“Ma’am. The reason I can’t give you a positive ID is because there is nothing in our database that matches that energy signature. I’m trying to filter to see if it’s spoofing us, but it’s taking time to find the layers to peel away. Nothing should be giving off that much power. Must be some Mav’ scrambler or something. All I can do is work through it.” With what’s left of our sensors and systems, in any case.
What could be showing that kind of power, though? The thing with these new Hellion-class survey cruisers is they tried to be too cute with data displays. A few keystrokes on the holopad changed the display to lines of rapidly scrolling text. Some refinements to the filters cleared out the gibberish and focused on the anomalies … there it was. “Three energy signatures, Ma’am. They are all linked together, somehow, but are not outputting in any spectrum I can trace to…”
“New bandit bearing oh-five-niner, oh-four-four high, range dead on one point three million clicks,” the tac officer called out.
I saw Commander Daniels hesitate and look between us, “More of the same unknowns?”
What are these guys? This new one was big, but its readings were shielded. It was overtaking the first three with an incredible acceleration. The Commander was still looking at me with uncertainty. “Something new, Ma’am. Out-masses us by at least a factor of ten, but seems to be headed for our original bogies. We’re getting very little return from our active sensors.”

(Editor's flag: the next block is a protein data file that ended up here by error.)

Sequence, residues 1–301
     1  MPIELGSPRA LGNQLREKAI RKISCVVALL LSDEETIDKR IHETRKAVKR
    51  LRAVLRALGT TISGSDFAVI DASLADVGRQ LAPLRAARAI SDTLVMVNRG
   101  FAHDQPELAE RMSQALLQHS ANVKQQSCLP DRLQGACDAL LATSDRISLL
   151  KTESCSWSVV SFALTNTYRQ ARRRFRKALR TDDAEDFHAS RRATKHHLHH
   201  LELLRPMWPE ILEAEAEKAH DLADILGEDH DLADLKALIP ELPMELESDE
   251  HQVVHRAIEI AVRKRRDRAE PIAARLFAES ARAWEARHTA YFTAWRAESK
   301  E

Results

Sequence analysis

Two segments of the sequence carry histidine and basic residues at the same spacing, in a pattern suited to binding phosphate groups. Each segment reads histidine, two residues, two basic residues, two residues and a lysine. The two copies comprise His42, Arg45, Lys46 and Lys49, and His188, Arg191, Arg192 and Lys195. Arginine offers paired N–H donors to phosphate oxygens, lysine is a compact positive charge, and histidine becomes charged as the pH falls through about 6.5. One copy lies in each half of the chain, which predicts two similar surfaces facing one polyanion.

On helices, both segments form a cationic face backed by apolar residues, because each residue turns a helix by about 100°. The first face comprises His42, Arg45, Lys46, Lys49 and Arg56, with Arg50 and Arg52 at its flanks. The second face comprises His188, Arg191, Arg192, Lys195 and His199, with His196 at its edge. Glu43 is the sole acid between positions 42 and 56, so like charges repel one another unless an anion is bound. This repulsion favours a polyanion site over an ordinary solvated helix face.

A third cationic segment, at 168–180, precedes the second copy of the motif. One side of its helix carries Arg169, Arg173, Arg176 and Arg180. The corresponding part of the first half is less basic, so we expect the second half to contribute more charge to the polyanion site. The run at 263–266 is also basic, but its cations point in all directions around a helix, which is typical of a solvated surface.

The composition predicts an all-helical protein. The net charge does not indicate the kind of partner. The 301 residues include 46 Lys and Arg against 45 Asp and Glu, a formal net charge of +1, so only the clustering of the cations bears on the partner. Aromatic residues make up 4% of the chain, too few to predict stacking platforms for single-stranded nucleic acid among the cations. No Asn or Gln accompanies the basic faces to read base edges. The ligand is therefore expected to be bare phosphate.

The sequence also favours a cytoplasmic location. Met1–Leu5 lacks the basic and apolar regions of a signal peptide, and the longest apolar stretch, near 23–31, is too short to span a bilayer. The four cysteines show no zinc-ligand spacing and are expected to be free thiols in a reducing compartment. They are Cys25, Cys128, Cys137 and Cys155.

“New multiples disengaging. Fifteen, twenty… no at least thirty new signatures,” the tac officer chimed in.
Sure enough, my screen was flooded with new info of the fighter-sized pickups pulling away from the larger ship. In groups of fours and fives they sped to bracket our first unknowns, matching their acceleration, but starting with a much higher base speed. They quickly closed the gap and… ,”Energy discharge! … They’re gone. Our first three bogies, are simply gone.”
The commander wet her lips. She’d seen enough already and this was a bad situation only getting worse. “Helm, turn us away, full power. Richards, go defensive. Angle our EMI and ready countermeasures. Get me a reading on them!”
I saw the incoming data returns scroll with disbelief as the tac officer repeated what I was watching myself. One of the bogies had turned towards us accelerating at near eighty gravities! It was on a direct intercept course.
The Hellcats ran a pretty tight ship, as far as Maverick security went. Themis was big, though, and they were small for one of the major gangs, even with all of their support personnel. Mostly it was freelancers doing the dirty work. The Hellcats kept to themselves doing what they did best – small-craft operations and quick raids - either for themselves or to any who could afford their price. For the rest, and especially for the mundane tasks like keeping this asteroid flying, they farmed out the work to a variety of groups and individuals.